Ms. Rowling, Ms. Rowling," screams an excited fan, "does Dumbledore ever find true love?"
J.K. Rowling looks into the audience and coyly responds, "Dumbledore is gay."
Why would the author of the Harry Potter books say that? Is she trying to create controversy?
At the end of the interview, Ms. Rowling stated that the whole book is a lesson in tolerance. Suddenly, the comment about Dumbledore being gay seems perfect. Her novels do bring a variety of races together.
The fight between Harry and Voldemort is more than a fight of good versus evil; it's a fight of tolerance versus intolerance. The fact that Harry, the ultimate hero of the series, befriends mudbloods and house elves also plays off the theme of tolerance.
Malfoy, who never touched house elves or mudbloods, was shown as a minor villain throughout the series. When thinking about Voldemort and his propaganda against mudbloods, I realized that this could be a direct reference to the Holocaust. Ms. Rowling wanted her readers to realize how wrong and ridiculous it is to discriminate against people because of their backgrounds.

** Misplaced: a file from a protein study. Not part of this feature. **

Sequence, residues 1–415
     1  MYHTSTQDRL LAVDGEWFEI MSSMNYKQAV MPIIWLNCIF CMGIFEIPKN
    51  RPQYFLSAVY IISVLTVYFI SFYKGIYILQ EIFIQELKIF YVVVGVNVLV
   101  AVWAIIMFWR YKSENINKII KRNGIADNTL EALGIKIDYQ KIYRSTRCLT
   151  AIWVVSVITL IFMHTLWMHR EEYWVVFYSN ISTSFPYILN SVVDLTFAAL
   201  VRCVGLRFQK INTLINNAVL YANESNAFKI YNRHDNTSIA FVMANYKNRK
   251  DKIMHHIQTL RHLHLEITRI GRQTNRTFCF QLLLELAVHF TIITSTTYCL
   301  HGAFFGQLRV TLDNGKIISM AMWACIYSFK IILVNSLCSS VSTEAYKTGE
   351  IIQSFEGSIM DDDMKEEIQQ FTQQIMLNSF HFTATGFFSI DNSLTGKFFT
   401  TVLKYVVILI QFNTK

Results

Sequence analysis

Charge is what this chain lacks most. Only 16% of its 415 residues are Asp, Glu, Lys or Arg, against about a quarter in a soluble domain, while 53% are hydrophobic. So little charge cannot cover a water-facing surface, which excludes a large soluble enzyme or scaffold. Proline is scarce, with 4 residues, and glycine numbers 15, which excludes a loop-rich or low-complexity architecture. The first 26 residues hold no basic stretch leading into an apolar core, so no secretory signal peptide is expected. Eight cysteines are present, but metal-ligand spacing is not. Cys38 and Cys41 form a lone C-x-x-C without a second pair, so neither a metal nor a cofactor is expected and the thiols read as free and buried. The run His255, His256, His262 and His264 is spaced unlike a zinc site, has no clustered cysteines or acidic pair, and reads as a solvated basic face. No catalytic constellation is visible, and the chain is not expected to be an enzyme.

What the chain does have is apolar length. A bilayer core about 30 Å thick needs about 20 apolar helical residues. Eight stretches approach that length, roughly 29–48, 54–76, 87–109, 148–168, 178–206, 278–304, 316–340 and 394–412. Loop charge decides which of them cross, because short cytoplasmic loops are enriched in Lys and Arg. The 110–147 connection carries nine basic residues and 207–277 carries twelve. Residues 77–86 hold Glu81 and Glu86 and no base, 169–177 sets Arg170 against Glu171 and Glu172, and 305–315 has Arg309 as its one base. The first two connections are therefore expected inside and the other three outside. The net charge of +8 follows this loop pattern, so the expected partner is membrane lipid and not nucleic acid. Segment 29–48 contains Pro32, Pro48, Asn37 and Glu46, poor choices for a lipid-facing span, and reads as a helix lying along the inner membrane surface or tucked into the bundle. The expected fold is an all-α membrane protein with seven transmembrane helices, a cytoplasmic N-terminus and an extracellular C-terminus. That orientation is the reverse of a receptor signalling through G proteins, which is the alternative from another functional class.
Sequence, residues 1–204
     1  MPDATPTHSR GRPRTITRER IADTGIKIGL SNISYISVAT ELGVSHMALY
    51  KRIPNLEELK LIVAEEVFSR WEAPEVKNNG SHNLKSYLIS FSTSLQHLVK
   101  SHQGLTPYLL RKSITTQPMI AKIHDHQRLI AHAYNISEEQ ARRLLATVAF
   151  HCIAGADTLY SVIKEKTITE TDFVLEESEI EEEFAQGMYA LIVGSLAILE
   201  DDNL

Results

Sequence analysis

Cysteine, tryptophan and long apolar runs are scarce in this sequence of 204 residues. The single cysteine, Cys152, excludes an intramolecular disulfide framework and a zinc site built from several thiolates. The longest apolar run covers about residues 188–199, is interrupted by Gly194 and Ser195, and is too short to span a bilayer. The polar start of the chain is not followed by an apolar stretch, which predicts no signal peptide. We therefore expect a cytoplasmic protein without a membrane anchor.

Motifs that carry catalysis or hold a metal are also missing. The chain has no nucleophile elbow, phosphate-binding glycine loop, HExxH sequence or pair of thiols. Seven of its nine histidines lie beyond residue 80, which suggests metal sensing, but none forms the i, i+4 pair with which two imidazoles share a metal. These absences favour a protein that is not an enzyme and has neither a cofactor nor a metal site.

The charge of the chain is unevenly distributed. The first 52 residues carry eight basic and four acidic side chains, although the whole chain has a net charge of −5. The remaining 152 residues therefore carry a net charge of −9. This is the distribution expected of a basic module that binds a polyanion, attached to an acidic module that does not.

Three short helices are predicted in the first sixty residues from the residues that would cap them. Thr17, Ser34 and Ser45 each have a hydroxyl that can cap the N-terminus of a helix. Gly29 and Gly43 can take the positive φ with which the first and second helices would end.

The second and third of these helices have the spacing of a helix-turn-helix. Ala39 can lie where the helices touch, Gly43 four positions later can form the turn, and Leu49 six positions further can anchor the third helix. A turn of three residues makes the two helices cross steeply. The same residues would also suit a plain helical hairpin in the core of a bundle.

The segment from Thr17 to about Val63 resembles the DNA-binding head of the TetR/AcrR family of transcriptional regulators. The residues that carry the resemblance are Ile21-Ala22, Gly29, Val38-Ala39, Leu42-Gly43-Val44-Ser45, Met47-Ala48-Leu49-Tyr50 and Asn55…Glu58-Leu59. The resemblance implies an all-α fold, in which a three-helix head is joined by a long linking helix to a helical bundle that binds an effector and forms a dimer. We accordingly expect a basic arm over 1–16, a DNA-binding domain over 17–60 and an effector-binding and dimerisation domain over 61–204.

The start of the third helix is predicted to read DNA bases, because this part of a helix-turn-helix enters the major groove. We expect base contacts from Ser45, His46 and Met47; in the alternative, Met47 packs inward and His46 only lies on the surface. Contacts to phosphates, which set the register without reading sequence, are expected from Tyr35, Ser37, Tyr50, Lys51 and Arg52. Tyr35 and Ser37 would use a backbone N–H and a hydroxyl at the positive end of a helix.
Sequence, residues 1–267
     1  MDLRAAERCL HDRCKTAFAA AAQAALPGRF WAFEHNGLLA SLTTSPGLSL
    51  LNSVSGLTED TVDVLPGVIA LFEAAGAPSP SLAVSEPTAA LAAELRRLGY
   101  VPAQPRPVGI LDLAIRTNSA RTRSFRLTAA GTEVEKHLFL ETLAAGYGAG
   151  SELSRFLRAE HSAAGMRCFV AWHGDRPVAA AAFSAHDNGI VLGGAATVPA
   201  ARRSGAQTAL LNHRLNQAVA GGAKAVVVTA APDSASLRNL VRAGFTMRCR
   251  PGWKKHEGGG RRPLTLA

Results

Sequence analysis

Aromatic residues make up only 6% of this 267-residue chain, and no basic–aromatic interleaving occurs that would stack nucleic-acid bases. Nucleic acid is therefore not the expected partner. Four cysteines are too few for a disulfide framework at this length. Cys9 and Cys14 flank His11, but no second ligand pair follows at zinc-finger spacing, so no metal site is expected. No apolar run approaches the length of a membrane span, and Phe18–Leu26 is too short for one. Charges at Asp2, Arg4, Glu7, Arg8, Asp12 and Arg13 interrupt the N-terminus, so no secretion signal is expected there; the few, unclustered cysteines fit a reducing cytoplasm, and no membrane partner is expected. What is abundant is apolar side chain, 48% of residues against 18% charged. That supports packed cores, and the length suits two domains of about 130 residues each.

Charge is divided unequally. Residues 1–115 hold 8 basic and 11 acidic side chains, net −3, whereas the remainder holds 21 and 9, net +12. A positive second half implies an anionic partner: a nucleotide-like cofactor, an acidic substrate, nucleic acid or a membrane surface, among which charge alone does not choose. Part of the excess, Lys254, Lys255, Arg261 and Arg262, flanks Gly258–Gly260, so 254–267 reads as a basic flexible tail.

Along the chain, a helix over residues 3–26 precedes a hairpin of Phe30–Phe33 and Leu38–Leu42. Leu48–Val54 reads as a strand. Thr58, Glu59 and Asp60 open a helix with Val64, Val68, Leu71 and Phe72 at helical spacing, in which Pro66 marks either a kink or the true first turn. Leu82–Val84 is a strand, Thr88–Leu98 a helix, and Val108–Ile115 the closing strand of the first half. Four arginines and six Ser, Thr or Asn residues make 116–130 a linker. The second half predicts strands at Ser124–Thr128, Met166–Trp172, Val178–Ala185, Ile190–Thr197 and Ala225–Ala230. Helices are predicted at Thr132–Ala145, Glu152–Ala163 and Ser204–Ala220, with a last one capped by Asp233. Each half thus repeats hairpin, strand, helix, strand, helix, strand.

Ms. Rowling is sending a great message to millions of readers. Seriously, whenever a new Harry Potter book or movie comes out, the media talks about it for days. Her message of tolerance could not be more obvious, either, especially in the last few books when Voldemort is rising to power. Her message is welcome during this time of constant political arguments over immigration and illegal aliens.
I think Ms. Rowling did an amazing job teaching her lesson. She started building on it from the first book -- when Malfoy insinuated that Hermione and Ron weren't good enough -- to the last book, when Voldemort started speaking out against mudbloods.
This most recent comment about Dumbledore, the greatest wizard of his time, being gay is just Ms. Rowling's way of saying to accept all types of people. I commend Ms. Rowling, and I think that everyone can learn something about tolerancefrom Harry, Hermione and the Weasley family .